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Gender equality in science, research and technology

Motion for a resolution | Doc. 13276 | 04 July 2013

Ms Orinta LEIPUTĖ, Lithuania, SOC ; Mr Andris BĒRZINŠ, Latvia, ALDE ; Mr Paul FLYNN, United Kingdom, SOC ; Ms Iryna GERASHCHENKO, Ukraine, EPP/CD ; Mr Valeriu GHILETCHI, Republic of Moldova, EPP/CD ; Ms Annette GROTH, Germany, UEL ; Mr Mike HANCOCK, United Kingdom, ALDE ; Mr Gediminas JAKAVONIS, Lithuania, ALDE ; Mr Tedo JAPARIDZE, Georgia, SOC ; Mr Giorgi KANDELAKI, Georgia, EPP/CD ; Ms Olena KONDRATIUK, Ukraine, EPP/CD ; Ms Meritxell MATEU PI, Andorra, ALDE ; Ms Carina OHLSSON, Sweden, SOC ; Mr Ivan POPESCU, Ukraine, SOC ; Mr Volodymyr PYLYPENKO, Ukraine, SOC ; Mr Aleksandrs SAKOVSKIS, Latvia, SOC ; Mr Serhiy SOBOLEV, Ukraine, EPP/CD ; Mr Yanaki STOILOV, Bulgaria, SOC ; Mr Björn von SYDOW, Sweden, SOC ; Mr Latchezar TOSHEV, Bulgaria, EPP/CD ; Ms Ester TUIKSOO, Estonia, ALDE ; Ms Draginja VUKSANOVIĆ, Montenegro, SOC ; Ms Karin S. WOLDSETH, Norway, EDG ; Mr Emanuelis ZINGERIS, Lithuania, EPP/CD

The new challenges, growing technological dependence, increasing demand on finite resources are requesting social, economic and political changes. The fast-moving development of knowledge-based economy and technological innovation implies revising the role of sciences in society and science policies. For such an objective and for the creation of innovative technologies and the development of an economy based on scientific achievements, aiming at the well-being of nations, highly qualified human resources are necessary: both men and women scientists talents are strongly needed.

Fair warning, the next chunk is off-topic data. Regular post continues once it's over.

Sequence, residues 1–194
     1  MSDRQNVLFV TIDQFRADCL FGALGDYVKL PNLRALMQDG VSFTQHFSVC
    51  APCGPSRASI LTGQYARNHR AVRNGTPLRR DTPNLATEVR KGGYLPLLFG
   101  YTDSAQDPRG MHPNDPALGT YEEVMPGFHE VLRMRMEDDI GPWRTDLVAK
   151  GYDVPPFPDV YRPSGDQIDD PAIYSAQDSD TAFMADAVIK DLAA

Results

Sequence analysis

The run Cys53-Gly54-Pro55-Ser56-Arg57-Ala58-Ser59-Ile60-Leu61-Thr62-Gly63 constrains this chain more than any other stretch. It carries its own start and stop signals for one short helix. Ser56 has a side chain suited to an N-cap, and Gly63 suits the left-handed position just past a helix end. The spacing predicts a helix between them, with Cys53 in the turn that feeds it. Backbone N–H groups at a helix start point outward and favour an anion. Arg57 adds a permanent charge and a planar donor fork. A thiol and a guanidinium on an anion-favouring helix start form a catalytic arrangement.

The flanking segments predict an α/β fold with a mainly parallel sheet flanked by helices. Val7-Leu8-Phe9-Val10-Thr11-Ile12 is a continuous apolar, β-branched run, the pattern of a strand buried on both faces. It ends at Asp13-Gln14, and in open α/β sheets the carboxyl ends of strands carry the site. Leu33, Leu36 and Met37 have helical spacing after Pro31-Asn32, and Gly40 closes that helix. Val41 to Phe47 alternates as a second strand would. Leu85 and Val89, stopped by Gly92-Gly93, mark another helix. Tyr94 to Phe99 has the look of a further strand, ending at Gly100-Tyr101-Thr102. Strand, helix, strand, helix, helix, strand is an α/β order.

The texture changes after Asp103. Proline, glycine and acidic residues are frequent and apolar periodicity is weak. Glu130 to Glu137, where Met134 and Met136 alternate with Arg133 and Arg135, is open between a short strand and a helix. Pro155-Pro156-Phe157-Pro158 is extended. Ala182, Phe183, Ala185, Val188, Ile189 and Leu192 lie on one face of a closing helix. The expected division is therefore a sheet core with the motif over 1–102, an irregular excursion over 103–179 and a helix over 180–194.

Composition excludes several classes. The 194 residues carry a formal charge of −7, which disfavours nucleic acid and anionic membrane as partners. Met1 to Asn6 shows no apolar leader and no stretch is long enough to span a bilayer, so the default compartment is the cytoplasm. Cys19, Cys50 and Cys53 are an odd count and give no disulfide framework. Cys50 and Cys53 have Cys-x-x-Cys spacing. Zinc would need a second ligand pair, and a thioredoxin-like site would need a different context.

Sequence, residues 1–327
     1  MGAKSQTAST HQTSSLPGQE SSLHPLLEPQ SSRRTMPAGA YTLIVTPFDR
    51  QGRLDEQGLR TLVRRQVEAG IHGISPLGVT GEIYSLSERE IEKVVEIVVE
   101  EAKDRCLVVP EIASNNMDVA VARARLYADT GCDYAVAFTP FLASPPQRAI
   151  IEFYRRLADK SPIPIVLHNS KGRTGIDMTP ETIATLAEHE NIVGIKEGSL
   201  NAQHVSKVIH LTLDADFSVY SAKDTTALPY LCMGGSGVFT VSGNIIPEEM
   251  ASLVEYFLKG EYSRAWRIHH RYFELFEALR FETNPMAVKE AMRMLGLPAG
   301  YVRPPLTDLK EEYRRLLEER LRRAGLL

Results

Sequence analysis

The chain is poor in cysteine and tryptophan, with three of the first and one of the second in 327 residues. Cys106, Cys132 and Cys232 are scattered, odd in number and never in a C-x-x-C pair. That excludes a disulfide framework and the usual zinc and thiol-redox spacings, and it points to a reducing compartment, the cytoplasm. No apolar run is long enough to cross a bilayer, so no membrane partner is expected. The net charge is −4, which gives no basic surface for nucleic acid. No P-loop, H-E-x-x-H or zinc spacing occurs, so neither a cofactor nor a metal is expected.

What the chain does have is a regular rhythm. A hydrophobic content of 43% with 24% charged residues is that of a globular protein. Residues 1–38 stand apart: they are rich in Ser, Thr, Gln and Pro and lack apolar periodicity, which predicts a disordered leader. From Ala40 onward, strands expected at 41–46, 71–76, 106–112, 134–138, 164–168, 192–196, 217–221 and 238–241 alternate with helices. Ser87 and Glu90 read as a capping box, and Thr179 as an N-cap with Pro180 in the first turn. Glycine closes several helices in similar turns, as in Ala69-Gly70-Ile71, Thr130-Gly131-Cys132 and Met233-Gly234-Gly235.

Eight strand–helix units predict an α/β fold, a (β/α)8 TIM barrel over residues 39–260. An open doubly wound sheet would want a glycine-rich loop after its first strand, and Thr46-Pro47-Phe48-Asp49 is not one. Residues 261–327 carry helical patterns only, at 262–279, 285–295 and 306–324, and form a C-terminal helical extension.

The Parliamentary Assembly has already considered the issue of gender equality in science and technology in its Resolution 1207 (1999) on the role of women in the field of science and technology. Fourteen years after, these analysis and recommendations are still pertinent. Although some actions have been pursued at the European Union level and in many Western Europe countries, much remains to be done. The research career opportunities are not equal for male and female scientists in most European countries: in the most advanced ones, only 20 % of the researchers in “hard sciences”, such as physics, engineering and technological sciences are women; in other countries the progress in gender equality has been limited or is inexistent as the issue is not recognised (former communist countries, some Southern European countries and others).

According to the European Platform of Women Scientists EPWS (the umbrella organisation of European women scientists’ organisations, representing 12 000 women scientists), the failure to ensure gender equality in science strongly limits the pool of high qualified human resources for the development of a society based on scientific achievements.

The Assembly should therefore draft a report on the subject calling on the European parliaments and governments to pay particular attention to the gender equality problem in science and to promote measures necessary for its implementation